The committee also voted down two bills that would lengthen prison sentences for fentanyl-related crimes, and another bill to toughen penalties for sales of fentanyl on social media was shelved.

Smith, who testified Thursday, said she was disappointed that a bill she supported did not advance, “but I hope to believe them when they say they’re willing to have discussions about it and try to work with us and get something done.”

Imposing tougher prison sentences on fentanyl dealers has been the common strategy for lawmakers across the U.S., including those in Democratic-controlled legislatures such as California, Oregon and Nevada. The tactic has drawn fierce opposition from harm-reduction advocates, who say criminalizing the drug issue has historically backfired and worsened the crisis.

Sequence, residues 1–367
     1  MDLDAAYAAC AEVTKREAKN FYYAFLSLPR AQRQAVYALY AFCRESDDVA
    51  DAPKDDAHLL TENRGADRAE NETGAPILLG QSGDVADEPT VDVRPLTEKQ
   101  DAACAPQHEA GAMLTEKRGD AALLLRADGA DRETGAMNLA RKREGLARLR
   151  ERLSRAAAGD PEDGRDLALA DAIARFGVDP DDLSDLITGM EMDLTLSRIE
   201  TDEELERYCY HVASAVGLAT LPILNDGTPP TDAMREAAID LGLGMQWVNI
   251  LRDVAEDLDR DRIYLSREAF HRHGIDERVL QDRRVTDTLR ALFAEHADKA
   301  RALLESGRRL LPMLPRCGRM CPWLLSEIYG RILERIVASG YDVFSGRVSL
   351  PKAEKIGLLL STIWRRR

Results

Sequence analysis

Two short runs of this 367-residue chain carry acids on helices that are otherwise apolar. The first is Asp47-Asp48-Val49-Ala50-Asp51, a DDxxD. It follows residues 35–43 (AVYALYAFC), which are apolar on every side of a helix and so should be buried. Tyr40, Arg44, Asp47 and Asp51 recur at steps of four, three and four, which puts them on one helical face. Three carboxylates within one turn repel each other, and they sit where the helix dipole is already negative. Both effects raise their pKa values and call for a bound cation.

In California, it has divided the Democratic caucus that controls a majority of votes. Republicans and moderate Democrats are pushing for stronger prison sentences for fentanyl dealers, while others are wary of advancing policies that would lengthen criminal sentences and incarcerate more people.

Saying they want to decrease California’s prison population, lawmakers kill bills to increase criminal penalties for fentanyl dealers.

March 29, 2023

“It’s good for politics and publicity, but it really doesn’t get to the root of the problem of drug addiction,” said Assemblymember Reggie Jones-Sawyer, a Los Angeles Democrat and chair of the Public Safety Committee, who called bills that increase prison sentences “a Republican playbook.”


Democratic Assemblymember Cottie Petrie-Norris, a Democrat from Irvine, said the crisis goes beyond party lines. She wrote a bill that would increase prison sentences for those who sell fentanyl on social media.

“This is not a red-state crisis or a blue-state crisis. This is an American crisis, and it’s certainly a California crisis,” she said.